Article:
Life is Strange 2’s newest episode, ‘Wastelands’, takes the game in an interesting and unexpected direction. Two months have passed since Sean and Daniel were forced to flee from the cops at their grandparents’ house, and for the past month, they have been on a weed farm, saving up money so that they can go to Puerto Lobos. Most of the action in this episode is in the camp or at the weed farm, and the episode is filled with some new characters and some we’ve met before. It also shakes up the dynamic between Daniel and Sean for the first time since their father’s death.
The episode starts with a summary of what happened in the last two episodes, told as the story of the wolf brothers again, and it’s nice to see that it’s still just as charmingly crafted as in the last episode. Then there’s a flashback to when Sean and Daniel’s father was still alive, back when Sean still had a choice about spending time with Daniel or partying with his friends, and the cut from the flashback to the current day is heartbreaking, to say the least. One of the last things Daniel says in the flashback is that he doesn’t want to grow up — he spends the rest of the episode trying to prove that he’s grown.
In the camp, there are a few familiar faces including the busker Sean met at the Christmas market near their grandparents’ house. She and her band of merry bandits were all on the same train as Sean and Daniel, who were travelling south from the first farm they were working on. The busker’s name is Cassidy, and she and Sean hit it off quite well in the past month since the wolf brothers arrived at the weed farm. Everyone who works there loves Daniel — the boss and his guard not so much. The story after the flashback starts with Sean waking up in his tent, his hair looking very rough, grabbing some coffee and talking with some of the people around the camp. There’s mention of a fog that was plaguing them the last few days, and there have apparently been a lot of missing people in the area, but the two events don’t seem to be linked (there’s no Silent Hill situation to be afraid of).
Besides Cassidy, there are many more friendly (and not so friendly) faces to be seen. Finn seems to be the leader and philosopher of the group, always having a wise thought to spare, and occasionally flirting with Sean, too. Hannah trusts Finn more than anyone in the group, but their exact relationship is unclear. Penny has a head full of conspiracy theories, ready to explain anything, and Ingrid and Anders are a Swedish couple (Hannah mockingly calls them trimmigrants at one point) just working at the farm for a few more days — until payday.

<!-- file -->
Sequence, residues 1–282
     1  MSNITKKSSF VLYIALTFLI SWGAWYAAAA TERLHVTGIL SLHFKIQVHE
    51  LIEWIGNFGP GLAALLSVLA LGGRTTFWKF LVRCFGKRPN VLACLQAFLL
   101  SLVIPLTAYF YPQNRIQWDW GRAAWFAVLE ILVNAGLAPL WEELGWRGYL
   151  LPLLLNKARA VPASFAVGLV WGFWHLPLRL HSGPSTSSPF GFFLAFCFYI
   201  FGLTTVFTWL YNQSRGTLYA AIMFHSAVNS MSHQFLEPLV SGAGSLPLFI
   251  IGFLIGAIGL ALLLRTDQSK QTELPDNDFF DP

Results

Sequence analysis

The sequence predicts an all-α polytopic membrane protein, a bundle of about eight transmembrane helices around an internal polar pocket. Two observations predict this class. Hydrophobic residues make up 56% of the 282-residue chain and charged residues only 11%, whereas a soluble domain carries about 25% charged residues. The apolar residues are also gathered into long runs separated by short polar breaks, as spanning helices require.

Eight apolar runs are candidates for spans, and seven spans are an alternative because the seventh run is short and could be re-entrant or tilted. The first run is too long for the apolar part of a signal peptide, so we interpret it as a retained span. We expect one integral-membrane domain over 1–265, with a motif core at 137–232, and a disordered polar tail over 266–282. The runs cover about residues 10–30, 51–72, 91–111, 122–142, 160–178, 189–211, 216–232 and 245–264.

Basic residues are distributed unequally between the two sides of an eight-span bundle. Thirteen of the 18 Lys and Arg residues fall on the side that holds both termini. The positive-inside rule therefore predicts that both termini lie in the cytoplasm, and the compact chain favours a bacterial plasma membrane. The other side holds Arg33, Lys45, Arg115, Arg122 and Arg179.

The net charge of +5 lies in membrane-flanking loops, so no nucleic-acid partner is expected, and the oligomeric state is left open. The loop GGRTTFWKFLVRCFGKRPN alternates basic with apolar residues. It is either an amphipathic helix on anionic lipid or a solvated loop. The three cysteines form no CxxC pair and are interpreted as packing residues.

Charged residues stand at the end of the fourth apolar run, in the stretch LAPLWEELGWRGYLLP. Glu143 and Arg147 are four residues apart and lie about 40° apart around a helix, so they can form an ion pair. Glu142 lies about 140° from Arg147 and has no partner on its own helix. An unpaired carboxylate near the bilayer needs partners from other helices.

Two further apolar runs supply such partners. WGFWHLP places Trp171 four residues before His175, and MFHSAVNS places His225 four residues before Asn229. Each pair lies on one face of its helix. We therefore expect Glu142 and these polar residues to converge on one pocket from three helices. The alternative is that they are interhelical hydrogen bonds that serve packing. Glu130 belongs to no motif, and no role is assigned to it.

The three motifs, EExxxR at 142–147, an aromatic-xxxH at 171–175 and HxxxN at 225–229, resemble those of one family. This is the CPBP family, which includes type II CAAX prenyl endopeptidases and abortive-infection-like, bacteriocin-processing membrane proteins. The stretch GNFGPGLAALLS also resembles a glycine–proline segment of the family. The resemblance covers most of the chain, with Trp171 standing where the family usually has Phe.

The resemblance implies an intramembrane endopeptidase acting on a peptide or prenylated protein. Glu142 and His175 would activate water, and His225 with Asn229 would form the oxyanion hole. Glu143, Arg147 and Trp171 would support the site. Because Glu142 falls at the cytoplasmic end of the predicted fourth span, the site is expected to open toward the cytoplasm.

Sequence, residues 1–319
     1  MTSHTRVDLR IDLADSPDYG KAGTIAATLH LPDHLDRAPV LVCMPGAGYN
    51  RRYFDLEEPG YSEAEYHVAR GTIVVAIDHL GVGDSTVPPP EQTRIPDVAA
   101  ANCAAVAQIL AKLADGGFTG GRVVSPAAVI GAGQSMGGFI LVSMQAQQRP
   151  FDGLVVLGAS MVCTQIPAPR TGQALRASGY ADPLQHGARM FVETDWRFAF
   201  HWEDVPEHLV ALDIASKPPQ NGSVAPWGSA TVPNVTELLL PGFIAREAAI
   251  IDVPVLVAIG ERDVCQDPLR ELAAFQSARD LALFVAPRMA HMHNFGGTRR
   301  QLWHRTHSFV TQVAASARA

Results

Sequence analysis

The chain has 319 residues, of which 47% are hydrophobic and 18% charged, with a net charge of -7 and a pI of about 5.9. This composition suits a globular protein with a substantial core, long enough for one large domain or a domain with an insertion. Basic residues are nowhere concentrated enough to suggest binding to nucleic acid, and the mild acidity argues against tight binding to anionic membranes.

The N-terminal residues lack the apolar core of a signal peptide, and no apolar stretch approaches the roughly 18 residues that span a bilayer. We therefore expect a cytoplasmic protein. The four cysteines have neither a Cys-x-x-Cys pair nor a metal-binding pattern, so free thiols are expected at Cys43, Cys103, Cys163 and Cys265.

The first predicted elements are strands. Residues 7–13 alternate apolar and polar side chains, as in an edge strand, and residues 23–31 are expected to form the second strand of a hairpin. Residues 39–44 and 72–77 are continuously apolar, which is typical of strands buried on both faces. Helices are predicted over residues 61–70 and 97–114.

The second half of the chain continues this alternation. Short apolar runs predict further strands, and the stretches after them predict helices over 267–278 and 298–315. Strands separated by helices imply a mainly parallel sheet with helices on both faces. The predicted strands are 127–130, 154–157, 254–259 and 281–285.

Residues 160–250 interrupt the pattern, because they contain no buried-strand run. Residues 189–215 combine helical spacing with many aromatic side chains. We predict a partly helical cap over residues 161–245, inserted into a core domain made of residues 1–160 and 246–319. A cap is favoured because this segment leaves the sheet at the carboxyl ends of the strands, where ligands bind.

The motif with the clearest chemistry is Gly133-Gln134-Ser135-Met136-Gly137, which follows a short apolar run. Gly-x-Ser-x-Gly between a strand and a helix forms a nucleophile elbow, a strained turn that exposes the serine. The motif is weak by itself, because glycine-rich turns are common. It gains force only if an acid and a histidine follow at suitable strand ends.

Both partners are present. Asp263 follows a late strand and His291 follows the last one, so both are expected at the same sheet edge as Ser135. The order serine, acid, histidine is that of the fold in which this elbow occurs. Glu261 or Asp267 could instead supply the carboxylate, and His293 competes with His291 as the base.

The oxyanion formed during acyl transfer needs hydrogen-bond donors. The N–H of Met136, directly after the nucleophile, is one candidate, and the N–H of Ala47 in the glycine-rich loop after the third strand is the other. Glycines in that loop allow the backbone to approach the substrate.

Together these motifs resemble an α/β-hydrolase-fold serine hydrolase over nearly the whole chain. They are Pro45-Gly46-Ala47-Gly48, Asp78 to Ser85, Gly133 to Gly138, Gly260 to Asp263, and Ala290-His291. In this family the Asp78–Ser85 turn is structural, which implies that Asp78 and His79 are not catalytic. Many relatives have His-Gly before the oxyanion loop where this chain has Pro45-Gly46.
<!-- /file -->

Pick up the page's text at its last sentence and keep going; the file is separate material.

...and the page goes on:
Their boss, Merrill, is a character who’s a bit hard to judge. While his guard Big Joe has no qualms with being aggressive towards everyone and everything, Merrill treads the thin line between control and trust. At first he seems like he’s tough but fair, but later in the episode, he shows where his morals lie. Calling him amoral would be wrong as he definitely follows his own set of morals to protect himself and his family, but immoral is a better fit: his morals don’t condemn violence when “necessary”.
In ‘Wastelands’, Sean and Daniel find themselves more and more separated. In fact, it’s probably the first time in the game where they’re separated for a longer period of time. The reason is simple: Sean has found new friends in this group of social misfits, and Daniel has taken personal offence with it once again. Just like when their dad was alive, Sean not spending time with Daniel makes him very sad. It’s also led to Daniel spending more time with Finn, who has no problems hanging out with Daniel and doesn’t treat him like a kid. Obviously, Sean still does, because he feels like he has to protect his brother at all times, even though — or rather because — his brother has powers.
Although the episode is a very emotional one, ranging from melancholy and nostalgia to happiness to pure unfettered anger, it’s also the shortest and least action-packed one so far. Comparatively, it also has a lot less content on a gameplay level. While this may make sense in the five-episode arc overall (a moment of respite until everything goes downhill again), it sadly weakens the individual episode. This doesn’t stop it from being the one that has had the greatest impact on me emotionally, and it’s the first episode where I’ve really begun questioning my choices in-game, past and present
Life is Strange 2’s third episode is not quite as good as the second episode, but is better than the first. It’s the shortest episode thus far and has the least gameplay comparatively, but its writing is very strong. It doesn’t have quite the thematic coherence that ‘Rules’ did, but it’s still very well made. The characters are interesting enough to feel relatable but eccentric enough to feel special, and it drives home the distinct feeling of being someplace far away from everything that used to make Sean and Daniel feel safe — still, the characters are welcoming enough for them to feel safe.
Life is Strange 2's third episode is the shortest so far, but that doesn't mean it doesn't still pack a punch.